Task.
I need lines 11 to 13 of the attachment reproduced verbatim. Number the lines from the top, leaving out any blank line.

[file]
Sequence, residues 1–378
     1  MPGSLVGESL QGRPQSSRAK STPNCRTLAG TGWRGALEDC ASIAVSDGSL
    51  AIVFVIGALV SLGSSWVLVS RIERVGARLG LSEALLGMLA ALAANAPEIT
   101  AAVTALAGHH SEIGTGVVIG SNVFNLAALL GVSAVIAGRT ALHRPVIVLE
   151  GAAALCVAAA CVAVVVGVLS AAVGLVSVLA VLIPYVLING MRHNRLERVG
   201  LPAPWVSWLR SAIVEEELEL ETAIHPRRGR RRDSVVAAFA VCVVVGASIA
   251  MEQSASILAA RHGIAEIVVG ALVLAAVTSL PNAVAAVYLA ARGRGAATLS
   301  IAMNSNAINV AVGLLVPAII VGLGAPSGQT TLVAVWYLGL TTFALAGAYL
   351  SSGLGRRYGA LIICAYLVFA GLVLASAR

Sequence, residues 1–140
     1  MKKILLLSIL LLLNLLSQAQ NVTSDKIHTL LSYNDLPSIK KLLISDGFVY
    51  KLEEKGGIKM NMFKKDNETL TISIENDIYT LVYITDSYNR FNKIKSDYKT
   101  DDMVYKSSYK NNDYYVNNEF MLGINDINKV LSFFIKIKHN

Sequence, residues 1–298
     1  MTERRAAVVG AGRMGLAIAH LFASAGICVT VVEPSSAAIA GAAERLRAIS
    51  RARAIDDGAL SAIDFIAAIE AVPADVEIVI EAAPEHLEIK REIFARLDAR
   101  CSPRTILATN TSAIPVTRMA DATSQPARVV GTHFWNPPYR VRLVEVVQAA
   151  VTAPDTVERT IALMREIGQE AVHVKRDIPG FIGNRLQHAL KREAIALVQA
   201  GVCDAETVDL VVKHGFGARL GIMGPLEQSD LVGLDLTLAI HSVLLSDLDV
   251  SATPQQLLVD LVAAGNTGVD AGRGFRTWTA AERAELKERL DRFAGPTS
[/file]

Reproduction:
     1  MKKILLLSIL LLLNLLSQAQ NVTSDKIHTL LSYNDLPSIK KLLISDGFVY
    51  KLEEKGGIKM NMFKKDNETL TISIENDIYT LVYITDSYNR FNKIKSDYKT
   101  DDMVYKSSYK NNDYYVNNEF MLGINDINKV LSFFIKIKHN